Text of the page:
These wines are made from berries, including blackberries, loganberries, cranberries, elderberries, strawberries, raspberries, kiwi fruit, boysenberries, and currants. They tend to be very sweet, and some are fortified to raise the alcohol level. They're usually served chilled as a beverage, or poured on ice cream or fruit as a dessert.
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bitter liqueurs, bitter spirits, bitters
bitter liqueurs
These are liqueurs and fortified wines that have a bittersweet flavor. They're often mixed with soda and served as apéritifs. These liqueurs are sometimes called bitters, but they're not as intensely flavored as the bitters that come in little bottles, which are normally measured out in drops. Popular brands include Campari, Fernet Branca, Byrrh, Dubonnet, Punt è Mes, Cynar, Suze, Jägermeister, and Amer Picon.
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black muscat wine
black muscat wine
This is a late harvest dessert wine made with black muscat grapes and sometimes fortified with brandy. Unlike many dessert wines, it goes well with chocolate.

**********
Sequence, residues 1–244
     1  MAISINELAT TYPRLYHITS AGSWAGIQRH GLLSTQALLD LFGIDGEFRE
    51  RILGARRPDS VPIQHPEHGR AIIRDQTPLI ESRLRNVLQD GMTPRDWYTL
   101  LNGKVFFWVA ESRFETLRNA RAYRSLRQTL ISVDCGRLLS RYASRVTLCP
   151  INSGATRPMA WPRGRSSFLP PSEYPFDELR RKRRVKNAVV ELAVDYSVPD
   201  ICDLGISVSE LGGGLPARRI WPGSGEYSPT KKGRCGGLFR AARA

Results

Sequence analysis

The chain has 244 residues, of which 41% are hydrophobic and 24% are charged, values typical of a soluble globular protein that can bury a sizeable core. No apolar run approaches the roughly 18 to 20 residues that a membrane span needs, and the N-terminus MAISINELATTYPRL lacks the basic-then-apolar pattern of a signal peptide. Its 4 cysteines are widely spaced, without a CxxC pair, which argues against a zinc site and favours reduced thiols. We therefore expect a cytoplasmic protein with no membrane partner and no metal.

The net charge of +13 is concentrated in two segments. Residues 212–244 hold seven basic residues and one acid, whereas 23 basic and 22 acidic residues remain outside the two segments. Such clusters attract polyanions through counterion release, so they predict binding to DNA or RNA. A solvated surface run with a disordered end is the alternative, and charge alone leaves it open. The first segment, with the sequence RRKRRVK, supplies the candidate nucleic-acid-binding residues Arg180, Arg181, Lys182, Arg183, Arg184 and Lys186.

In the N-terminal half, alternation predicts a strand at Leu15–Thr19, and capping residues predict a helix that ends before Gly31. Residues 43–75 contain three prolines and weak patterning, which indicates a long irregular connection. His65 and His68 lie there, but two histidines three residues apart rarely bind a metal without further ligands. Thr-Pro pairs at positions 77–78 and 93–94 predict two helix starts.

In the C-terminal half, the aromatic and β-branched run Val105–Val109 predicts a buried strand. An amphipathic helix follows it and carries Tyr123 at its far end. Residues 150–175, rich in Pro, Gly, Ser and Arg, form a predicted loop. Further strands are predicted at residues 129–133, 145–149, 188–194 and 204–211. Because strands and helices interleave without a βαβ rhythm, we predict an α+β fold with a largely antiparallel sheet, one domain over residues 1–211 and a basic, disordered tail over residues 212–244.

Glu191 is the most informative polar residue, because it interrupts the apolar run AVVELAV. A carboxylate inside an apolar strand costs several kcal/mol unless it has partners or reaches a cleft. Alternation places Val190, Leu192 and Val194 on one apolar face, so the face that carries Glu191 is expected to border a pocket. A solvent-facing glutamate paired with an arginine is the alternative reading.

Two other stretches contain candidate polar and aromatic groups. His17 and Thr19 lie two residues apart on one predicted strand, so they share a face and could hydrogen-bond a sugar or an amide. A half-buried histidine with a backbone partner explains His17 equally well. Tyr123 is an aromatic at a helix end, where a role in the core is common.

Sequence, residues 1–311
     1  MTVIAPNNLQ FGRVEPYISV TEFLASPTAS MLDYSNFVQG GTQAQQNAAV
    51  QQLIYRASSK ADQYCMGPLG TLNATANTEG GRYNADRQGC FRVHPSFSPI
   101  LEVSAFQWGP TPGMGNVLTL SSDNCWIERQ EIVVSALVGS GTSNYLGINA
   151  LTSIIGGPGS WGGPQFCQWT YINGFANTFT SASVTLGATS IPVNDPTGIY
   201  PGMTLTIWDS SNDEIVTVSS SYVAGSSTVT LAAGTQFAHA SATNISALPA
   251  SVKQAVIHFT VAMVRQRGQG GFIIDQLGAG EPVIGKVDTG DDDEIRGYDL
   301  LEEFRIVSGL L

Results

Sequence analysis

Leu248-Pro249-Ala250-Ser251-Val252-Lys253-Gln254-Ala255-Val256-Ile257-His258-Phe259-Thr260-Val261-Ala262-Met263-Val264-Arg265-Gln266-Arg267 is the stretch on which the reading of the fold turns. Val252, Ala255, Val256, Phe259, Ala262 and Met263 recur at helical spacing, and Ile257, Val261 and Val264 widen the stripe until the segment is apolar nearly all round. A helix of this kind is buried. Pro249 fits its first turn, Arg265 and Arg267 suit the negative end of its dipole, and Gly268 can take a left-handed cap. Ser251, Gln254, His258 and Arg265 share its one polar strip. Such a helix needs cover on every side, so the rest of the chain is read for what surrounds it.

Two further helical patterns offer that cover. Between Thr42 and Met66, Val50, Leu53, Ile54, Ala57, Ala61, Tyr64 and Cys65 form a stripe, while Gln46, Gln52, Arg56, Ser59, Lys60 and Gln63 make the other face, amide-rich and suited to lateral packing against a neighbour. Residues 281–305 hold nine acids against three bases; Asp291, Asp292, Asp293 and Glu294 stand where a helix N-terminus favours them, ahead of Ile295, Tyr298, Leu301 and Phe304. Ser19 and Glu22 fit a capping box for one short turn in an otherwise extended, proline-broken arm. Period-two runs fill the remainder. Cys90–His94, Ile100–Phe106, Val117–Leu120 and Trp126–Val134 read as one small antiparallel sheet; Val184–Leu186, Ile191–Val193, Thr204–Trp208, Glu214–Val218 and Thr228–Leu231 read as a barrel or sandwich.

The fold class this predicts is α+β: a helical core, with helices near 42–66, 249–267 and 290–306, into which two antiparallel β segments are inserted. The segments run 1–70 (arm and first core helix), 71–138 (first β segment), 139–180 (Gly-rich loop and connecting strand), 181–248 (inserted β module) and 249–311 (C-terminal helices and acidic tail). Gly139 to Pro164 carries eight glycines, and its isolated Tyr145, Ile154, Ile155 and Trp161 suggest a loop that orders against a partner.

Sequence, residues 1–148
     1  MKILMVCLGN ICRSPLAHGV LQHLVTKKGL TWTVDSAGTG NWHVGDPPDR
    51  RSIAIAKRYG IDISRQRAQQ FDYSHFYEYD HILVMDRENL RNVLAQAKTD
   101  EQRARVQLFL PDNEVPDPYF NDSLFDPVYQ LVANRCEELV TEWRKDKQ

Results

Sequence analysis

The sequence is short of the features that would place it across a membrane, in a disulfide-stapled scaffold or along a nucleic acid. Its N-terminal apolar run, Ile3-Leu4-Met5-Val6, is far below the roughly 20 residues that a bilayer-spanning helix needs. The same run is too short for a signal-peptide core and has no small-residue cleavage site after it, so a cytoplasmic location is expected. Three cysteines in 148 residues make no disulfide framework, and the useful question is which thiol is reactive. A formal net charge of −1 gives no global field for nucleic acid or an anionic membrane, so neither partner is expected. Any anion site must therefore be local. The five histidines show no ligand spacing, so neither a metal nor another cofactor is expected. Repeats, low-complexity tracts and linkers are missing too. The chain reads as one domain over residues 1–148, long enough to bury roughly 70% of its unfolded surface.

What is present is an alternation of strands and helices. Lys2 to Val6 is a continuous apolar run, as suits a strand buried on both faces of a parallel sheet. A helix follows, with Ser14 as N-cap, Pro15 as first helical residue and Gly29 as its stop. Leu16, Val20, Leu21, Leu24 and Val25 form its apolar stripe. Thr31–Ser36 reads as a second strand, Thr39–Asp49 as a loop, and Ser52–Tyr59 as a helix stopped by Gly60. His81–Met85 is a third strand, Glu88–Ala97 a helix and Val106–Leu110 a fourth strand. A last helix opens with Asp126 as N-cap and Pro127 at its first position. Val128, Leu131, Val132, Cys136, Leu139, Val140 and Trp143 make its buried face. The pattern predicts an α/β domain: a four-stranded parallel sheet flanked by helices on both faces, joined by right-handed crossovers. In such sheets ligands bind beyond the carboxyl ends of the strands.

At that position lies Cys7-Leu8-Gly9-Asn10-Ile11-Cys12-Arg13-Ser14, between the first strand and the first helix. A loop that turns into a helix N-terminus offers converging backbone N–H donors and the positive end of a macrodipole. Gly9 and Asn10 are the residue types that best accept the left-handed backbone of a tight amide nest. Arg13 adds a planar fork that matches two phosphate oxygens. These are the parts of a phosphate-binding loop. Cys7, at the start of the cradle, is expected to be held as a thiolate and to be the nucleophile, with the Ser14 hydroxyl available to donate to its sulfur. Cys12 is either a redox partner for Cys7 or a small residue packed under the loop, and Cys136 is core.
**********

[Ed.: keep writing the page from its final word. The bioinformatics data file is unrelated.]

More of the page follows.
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blackberry liqueur, Kroatzbeere, Marie Brizard
blackberry liqueur
Kroatzbeere and Marie Brizard are well-regarded brands.
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blended whiskey
Blended whiskies are mixtures of different kinds of straight whiskies and neutral spirits. After they're blended, they're allowed to age together for awhile so that the flavors can marry. Whiskey should be served at room temperature.
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blush Wine, pink wine, rose wine, rosé wine
blush Wine
"Blush" is displacing "rosé" as the name given to pink wines, though some people use the name rosé to describe darker pink wines. Whatever name you give them, they're usually made from red grapes that are only allowed to ferment a few days--too short a time for the grape skins to impart a deeper color to the wine. The result is a pink, fruity wine that's best served chilled and goes best with poultry, seafood, and spicy dishes. These wines are quite popular, but wine snobs think they're boring. Don't cook with these wines--they aren't flavorful enough.
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bock beer, bockbier